https://gds.blog.gov.uk/2014/03/06/every-day-we-write-the-book-an-incomplete-history-of-civil-service-authors-for-world-book-day/

Every day we write the book: an incomplete history of civil service authors for World Book Day

Today is World Book Day, so we thought it would be fun to look back through history and find out about some civil servants who dabbled as authors on the side.

Ian Fleming (image courtesy of Libor Kriz on a creative commons licence)
Ian Fleming (image courtesy of Libor Kriz on a creative commons licence)

Victorian author Anthony Trollope spent many years working for the Post Office, and was responsible for introducing pillar boxes after encountering them during travels in France and Belgium.

In his later years, poet William Wordsworth took a job in the civil service. Another government poet was John Milton, author of "Paradise Lost". He was one of the very earliest civil servants, writing propaganda for Cromwell's Commonwealth.

Science fiction novelist Geoff Ryman, now a lecturer in Creative Writing at the University of Manchester, used to work with the team that built GOV.UK's predecessor, DirectGov. He led the teams that made the first versions of the British Monarchy and 10 Downing Street websites.

In 1996, Ryman published a novel as a website: 253 is the story of an Underground train and every passenger on board it, set in the moments leading up to a disaster.

Alan Blackshaw acted as Principal Private Secretary to three government ministers and took on all sorts of other government jobs during his years as a civil servant. His passion was mountaineering, and in the mid-60s he wrote a "bible" for climbers, "Mountaineering: From Hillwalking to Alpine Climbing" (now sadly, it seems, out of print).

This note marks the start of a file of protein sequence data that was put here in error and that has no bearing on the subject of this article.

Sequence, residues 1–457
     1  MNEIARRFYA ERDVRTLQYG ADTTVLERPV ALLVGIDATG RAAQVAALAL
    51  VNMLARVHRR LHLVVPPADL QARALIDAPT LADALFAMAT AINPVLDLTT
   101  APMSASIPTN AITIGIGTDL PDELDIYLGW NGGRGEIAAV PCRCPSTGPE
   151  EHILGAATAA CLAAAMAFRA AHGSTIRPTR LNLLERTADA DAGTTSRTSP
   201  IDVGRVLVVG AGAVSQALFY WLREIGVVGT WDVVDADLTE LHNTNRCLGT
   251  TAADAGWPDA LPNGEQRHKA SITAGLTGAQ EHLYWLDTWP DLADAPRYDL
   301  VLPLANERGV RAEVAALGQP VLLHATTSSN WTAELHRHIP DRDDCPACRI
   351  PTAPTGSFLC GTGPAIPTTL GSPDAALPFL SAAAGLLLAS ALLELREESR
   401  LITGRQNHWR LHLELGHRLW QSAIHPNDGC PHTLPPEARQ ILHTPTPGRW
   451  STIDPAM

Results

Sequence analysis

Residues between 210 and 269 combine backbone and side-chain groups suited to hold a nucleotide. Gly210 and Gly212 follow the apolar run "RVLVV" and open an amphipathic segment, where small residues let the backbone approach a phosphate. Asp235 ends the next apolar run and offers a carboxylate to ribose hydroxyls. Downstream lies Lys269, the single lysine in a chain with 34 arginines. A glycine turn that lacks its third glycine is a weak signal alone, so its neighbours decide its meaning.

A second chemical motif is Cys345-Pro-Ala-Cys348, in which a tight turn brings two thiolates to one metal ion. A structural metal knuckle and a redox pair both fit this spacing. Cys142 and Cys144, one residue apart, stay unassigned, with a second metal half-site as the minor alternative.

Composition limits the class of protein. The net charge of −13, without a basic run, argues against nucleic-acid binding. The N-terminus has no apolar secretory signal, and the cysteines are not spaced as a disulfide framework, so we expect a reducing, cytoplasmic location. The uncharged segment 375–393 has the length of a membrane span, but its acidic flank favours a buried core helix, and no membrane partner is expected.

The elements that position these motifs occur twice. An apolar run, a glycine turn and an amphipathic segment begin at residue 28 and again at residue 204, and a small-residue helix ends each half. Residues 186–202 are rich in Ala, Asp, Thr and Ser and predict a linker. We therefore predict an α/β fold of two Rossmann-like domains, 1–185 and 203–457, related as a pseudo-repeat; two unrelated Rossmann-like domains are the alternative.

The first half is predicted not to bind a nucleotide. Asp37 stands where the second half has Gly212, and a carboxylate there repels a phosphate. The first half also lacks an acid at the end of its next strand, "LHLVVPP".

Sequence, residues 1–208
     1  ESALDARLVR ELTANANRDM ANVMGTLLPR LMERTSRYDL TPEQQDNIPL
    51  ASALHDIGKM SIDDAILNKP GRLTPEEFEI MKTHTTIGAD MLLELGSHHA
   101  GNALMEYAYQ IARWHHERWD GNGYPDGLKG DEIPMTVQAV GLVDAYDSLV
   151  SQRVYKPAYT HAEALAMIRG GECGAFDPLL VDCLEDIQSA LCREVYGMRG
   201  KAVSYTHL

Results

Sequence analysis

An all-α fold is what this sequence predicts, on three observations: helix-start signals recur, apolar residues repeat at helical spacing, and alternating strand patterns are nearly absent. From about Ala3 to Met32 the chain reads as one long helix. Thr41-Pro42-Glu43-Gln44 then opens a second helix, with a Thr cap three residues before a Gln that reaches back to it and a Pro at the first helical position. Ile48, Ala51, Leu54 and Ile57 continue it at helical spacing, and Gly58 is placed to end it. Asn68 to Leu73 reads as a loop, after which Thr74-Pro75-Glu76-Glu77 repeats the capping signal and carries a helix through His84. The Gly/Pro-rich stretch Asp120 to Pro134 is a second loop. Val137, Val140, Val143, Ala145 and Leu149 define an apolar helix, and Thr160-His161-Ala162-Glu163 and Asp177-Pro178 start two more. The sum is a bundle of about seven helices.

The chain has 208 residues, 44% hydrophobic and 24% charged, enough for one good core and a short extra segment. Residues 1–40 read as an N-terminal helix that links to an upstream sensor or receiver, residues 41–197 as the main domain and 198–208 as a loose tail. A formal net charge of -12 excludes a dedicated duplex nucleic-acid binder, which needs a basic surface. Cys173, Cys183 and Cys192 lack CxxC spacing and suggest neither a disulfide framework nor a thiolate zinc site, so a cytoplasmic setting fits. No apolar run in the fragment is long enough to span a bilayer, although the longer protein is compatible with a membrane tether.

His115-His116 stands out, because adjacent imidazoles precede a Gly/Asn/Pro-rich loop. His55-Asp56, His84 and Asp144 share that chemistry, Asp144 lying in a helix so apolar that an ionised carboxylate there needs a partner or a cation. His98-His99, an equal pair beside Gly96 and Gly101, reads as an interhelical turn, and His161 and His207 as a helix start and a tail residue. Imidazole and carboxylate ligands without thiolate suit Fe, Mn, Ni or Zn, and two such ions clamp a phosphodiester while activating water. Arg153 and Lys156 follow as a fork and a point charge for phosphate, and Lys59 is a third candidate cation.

The best known of all is probably Ian Fleming, who spent years working for British Naval Intelligence, and used his experiences as the basis for his series of James Bond novels.

You might not expect to see much about Bond on GOV.UK, and you'd be right. But there is this entertaining pun-packed speech by Sir James Bevan, the British High Commissioner to India:

Ladies and gentlemen, distinguished guests, friends and colleagues, welcome. I don’t have a Licence to Kill. But I do have a licence to open our house to friends for events such as this. And tonight, For Your Eyes Only, I also have a licence to mention the titles of every single James Bond movie in a speech.

That's just the start. You should see what he does for Moonraker.


6 comments

  1. Comment by Tim Brooks posted on

    Big shout out please for Mr Samuel Pepys, secretary to the Royal Navy and of course the greatest diarist in the English language.

  2. Comment by James Kemp posted on

    Don't forget Robert Burns either, poet and Excise Man.

  3. Comment by Ian Oliver posted on

    Erskine Childers who wrote Riddle of the Sands, one of the first and best spy thrillers, before becoming a fanatic Irish nationalist was a parliamentary clerk

  4. Comment by Helen Hardy posted on

    Let's not forget the women, including one Iris Murdoch at the Treasury.

  5. Comment by Neil Stenton posted on

    Ian Rankin also worked at (what was) the Inland Revenue

    • Replies to Neil Stenton>

      Comment by Daniel Stapleton posted on

      And me, Daniel Stapleton!